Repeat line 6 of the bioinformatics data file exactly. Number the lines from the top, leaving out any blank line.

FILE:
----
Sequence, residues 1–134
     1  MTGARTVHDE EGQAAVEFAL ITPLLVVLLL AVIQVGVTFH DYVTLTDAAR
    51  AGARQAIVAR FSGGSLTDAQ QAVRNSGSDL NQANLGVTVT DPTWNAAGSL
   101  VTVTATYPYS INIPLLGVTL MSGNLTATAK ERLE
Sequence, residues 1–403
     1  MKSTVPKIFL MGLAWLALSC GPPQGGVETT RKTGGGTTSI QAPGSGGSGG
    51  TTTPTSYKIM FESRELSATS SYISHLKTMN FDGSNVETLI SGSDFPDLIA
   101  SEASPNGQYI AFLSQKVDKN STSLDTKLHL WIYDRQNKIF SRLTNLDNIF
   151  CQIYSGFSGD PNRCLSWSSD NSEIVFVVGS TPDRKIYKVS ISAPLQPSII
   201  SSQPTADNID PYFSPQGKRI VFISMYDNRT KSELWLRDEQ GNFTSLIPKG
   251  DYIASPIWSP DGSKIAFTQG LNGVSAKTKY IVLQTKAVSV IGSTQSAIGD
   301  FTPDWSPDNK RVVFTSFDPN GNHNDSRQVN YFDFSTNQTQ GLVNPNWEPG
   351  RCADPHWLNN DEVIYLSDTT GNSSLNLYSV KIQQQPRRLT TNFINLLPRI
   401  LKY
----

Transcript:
     1  MKSTVPKIFL MGLAWLALSC GPPQGGVETT RKTGGGTTSI QAPGSGGSGG